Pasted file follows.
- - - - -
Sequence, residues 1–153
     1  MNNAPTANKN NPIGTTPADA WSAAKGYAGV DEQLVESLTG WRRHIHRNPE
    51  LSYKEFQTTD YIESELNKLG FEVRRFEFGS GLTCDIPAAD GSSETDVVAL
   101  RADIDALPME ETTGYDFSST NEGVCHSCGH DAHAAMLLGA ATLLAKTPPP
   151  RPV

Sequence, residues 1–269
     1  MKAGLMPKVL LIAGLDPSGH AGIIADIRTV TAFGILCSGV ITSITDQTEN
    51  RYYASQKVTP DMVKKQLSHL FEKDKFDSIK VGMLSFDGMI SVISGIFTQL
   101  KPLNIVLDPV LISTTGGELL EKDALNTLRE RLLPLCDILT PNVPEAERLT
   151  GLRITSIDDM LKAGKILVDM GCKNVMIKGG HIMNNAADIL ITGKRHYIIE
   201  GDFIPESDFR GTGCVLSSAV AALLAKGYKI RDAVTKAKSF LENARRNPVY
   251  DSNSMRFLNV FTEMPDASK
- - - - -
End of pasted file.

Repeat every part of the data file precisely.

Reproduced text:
Sequence, residues 1–153
     1  MNNAPTANKN NPIGTTPADA WSAAKGYAGV DEQLVESLTG WRRHIHRNPE
    51  LSYKEFQTTD YIESELNKLG FEVRRFEFGS GLTCDIPAAD GSSETDVVAL
   101  RADIDALPME ETTGYDFSST NEGVCHSCGH DAHAAMLLGA ATLLAKTPPP
   151  RPV

Sequence, residues 1–269
     1  MKAGLMPKVL LIAGLDPSGH AGIIADIRTV TAFGILCSGV ITSITDQTEN
    51  RYYASQKVTP DMVKKQLSHL FEKDKFDSIK VGMLSFDGMI SVISGIFTQL
   101  KPLNIVLDPV LISTTGGELL EKDALNTLRE RLLPLCDILT PNVPEAERLT
   151  GLRITSIDDM LKAGKILVDM GCKNVMIKGG HIMNNAADIL ITGKRHYIIE
   201  GDFIPESDFR GTGCVLSSAV AALLAKGYKI RDAVTKAKSF LENARRNPVY
   251  DSNSMRFLNV FTEMPDASK